Eggs Benedict at Bizu
This quintessential breakfast dish consists of two poached eggs reposing on a pair of English muffin halves, slapped with a side of ham, and slathered in Hollandaise sauce. It was the prefect prescription to quell my craving for a stick-to-my-ribs kind of breakfast, one that would see me through to the end of the day.
I openly lust for egg yolks, and the more fluid the yolk, the better, so this dish just sends me. It is, in short, a love affair on a plate. The eggs sit demurely on the muffin halves, but once my knife homes in, the golden liquid gushes forth. It’s a sensual thing to behold, I believe.
I like to alternate my bites between all egg and Hollandaise sauce, then egg sopped up with some bread, and then a mouthful of egg, bread, and ham and Hollandaise. It’s one dish that has me emitting all the appropriate moans of a person in pleasure.
See Bizu’s website for locations.
7. Crispy Pata at Luce
Now-defunct bar Insomnia has been reincarnated in the crispy pata served at Luce (LOO-che). Seems that Insomnia was known for this particular dish, and its fans rejoice at being able to partake of this pork trotter once again.
Luce is foremost a bar, not a restaurant. When we went there at 7:30pm on a Saturday, we had the place to ourselves ”“ not a bad thing for two people committed to consuming an entire pork pata. Ah, the sins we hide. Luce is a small place, it reminds me of a dark hallway, with the occasional lamplight to cavort with the shadows. Still, we were here to eat, not to inebriate ourselves.
The food menu is small ”“ a few pica-picas (finger food) here and there, and of course, that venerable crispy pata. It took a good 25 minutes I’d say before that oinker was served to us, and we ate it all in less time.
Crispy pata is in no way a photogenic dish, but that factor pales to the taste. If deep-fried properly, the pata is not oily, instead it’s moist and tender with the relishing crrrunch of skin. At Luce, the pata is served with a receptacle, nay, a bowl of accompanying sawsawan (dipping sauce) ”“ a merry medley of soy sauce, vinegar, pepper, and chili. Initially, I thought they were overdoing it on the sauce by giving us too much, but no, we were spooning in that sauce to chase down the pata. So. Good. In between bites, I gnawed on the pata bone feeling like the glutton I so surrendered to being. Oink.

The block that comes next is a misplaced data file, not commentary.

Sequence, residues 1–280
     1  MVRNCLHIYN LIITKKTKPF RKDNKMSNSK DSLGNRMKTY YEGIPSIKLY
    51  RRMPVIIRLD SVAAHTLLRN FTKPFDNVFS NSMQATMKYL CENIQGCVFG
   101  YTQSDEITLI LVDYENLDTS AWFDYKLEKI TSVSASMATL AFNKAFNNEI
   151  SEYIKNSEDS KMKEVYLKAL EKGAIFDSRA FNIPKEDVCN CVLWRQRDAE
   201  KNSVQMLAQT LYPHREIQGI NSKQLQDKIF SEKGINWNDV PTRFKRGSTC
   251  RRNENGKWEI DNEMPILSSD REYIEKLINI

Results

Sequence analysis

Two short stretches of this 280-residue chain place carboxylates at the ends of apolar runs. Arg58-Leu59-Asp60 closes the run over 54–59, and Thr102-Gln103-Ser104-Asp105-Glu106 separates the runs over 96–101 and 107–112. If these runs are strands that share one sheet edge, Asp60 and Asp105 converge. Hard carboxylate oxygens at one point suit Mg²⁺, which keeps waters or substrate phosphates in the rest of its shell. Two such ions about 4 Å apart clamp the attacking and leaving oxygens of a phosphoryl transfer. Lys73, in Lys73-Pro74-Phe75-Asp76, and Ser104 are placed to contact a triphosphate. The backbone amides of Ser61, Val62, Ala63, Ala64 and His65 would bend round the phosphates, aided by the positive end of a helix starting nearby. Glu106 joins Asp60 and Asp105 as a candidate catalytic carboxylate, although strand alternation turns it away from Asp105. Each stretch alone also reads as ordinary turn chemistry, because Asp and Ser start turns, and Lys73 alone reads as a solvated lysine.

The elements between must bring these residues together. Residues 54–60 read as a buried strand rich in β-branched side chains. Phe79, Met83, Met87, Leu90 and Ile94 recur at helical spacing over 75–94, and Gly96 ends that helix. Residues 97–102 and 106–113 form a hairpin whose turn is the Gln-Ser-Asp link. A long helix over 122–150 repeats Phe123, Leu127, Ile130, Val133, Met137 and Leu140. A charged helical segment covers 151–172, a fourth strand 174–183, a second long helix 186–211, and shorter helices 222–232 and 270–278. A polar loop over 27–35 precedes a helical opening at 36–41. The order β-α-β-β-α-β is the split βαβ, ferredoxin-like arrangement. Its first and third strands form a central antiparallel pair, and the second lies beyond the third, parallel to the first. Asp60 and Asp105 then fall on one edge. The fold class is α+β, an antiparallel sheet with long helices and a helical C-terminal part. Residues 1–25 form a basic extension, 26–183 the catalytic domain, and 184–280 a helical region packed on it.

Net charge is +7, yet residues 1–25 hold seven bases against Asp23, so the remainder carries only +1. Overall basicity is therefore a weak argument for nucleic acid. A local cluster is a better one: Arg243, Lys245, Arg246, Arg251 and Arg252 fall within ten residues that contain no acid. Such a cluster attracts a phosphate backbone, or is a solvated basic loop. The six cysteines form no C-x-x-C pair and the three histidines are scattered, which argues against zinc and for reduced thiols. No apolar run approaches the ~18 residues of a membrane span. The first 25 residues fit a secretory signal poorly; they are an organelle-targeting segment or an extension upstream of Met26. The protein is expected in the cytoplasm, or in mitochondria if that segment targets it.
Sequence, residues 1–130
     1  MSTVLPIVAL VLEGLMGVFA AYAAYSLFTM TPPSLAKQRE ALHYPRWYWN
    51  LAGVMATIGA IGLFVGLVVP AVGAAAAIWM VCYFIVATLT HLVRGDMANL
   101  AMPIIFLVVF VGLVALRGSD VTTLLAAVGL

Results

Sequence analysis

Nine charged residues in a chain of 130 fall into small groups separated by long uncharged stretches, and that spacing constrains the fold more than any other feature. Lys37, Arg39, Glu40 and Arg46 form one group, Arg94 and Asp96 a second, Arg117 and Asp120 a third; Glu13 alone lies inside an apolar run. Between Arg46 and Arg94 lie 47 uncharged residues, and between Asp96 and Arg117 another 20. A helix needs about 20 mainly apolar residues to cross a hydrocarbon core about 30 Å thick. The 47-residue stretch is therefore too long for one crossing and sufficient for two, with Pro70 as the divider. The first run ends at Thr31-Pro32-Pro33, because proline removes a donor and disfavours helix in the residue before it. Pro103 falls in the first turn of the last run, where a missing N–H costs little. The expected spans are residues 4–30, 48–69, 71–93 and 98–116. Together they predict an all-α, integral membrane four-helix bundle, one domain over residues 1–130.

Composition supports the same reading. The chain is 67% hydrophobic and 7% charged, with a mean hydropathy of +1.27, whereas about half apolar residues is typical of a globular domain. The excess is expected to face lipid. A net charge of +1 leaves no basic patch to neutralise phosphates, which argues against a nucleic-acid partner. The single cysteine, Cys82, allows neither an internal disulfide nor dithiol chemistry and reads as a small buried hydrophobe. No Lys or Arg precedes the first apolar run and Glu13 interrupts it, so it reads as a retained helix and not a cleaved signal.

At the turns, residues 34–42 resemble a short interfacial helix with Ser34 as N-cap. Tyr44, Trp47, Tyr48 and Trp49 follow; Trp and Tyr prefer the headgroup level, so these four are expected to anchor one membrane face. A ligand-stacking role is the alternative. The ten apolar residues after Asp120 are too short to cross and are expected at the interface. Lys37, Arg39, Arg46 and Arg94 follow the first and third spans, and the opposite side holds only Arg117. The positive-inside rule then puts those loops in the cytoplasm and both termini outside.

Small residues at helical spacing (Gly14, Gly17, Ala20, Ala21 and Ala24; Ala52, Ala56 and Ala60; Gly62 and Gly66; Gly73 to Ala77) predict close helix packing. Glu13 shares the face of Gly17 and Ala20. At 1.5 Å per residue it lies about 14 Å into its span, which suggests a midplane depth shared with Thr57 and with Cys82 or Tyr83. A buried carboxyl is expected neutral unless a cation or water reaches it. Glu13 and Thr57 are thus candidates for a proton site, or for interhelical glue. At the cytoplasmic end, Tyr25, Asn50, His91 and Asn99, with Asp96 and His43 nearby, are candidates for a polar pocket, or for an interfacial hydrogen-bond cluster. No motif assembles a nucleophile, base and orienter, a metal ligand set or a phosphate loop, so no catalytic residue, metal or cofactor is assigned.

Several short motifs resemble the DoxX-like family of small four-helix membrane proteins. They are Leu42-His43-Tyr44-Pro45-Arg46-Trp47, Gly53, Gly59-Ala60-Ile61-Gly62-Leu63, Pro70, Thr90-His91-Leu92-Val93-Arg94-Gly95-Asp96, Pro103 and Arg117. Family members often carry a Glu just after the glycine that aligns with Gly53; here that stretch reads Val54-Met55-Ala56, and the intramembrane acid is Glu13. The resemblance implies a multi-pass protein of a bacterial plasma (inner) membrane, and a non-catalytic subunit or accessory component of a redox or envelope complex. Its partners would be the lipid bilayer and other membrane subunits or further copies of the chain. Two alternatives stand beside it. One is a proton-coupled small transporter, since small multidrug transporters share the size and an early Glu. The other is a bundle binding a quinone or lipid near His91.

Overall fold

The name doesn’t ring any bells I’m sure, but you’ll hear them once you taste these pies. Ricco Renzo is actually a small art gallery along Reposo. The owner decided to put up a cozy café in order for guests to better enjoy the art (good move, I say).
Go for the apple pie, which has a solid crust, apples sliced to the right thickness, and a delightful streusel (crumb) topping. It’s unassuming and homey and cinnamon-y, and more affordable than the one served at Sugarhouse that you’ll pay P144 a slice for. (!) Eek.
I also like the Banoffee pie, which is a banana-toffee mélange wrapped in whipped cream and laid on a short crust. Mmm. ”˜nuff said.
210 Nicanor Garcia St. (formerly Reposo)
Bel-Air Village, Makati
9. Spices at Life & Spices
I’m enchanted with the star anise, a star-shaped dark brown spice that contains a small seed in each of its segments. It’s redolent of cinnamon and tree bark, and it’s the dominant flavor in pata tim.
I recently came across this store in Market! Market! that sells a variety of whole spices per 100 grams. Truly fresh, they’re worlds apart from the McCormick variety sold in the supermarket ”“ not that the ones in the supermarket are bad, but these are better (and cheap too!)
Also available at the store are kitchen gadgets from Japan, fresh honey from China, and other assorted doodads for the kitchen. Have a look.
Life & Spices
Fiesta Market (this area is right beside the fruit stands that are situated under the Market! Market! sign.)
This store is now closed.
Last updated 6/21/06
10. Cocoa steamer at McCafé
I will go to the ends of the planet for a good cup of hot chocolate. In my quest to capture that elusive but ultimate chocolate experience in a cup, I am forever trying out new proportions and different kinds of cocoa powders. Alas, my goal has not yet been achieved.
To console myself, I have the cocoa steamer at McCafé, which I consider to be the mother of all hot chocolates. This stuff is dark as earth and heady as any brew. It’s also so rich that the liquid leaves chocolate marks around the cup. (see photo). It’s one chocolate hit that will have you begging on your knees for more, more, more! My friend, Toby, is so addicted to this drink that he downs a 16-ounce mug of it everyday. How he stays so skinny, I don’t know.
Anyway, this hot chocolate is terrific paired with the almond-chocolate biscotti. McCafé’s other coffee drinks are great too, notably the Mocchacino, the Café Latte, and their version of steamed milk. I’m still broken up though, about their decision to pull out the Honey Crunch Cake. But that’s for another post.
Branches in Glorietta 3, Greenbelt (across AIM), Eastwood, and Panay Ave., QC (near the Quezon Ave MRT stop).
Top 10 for August is here.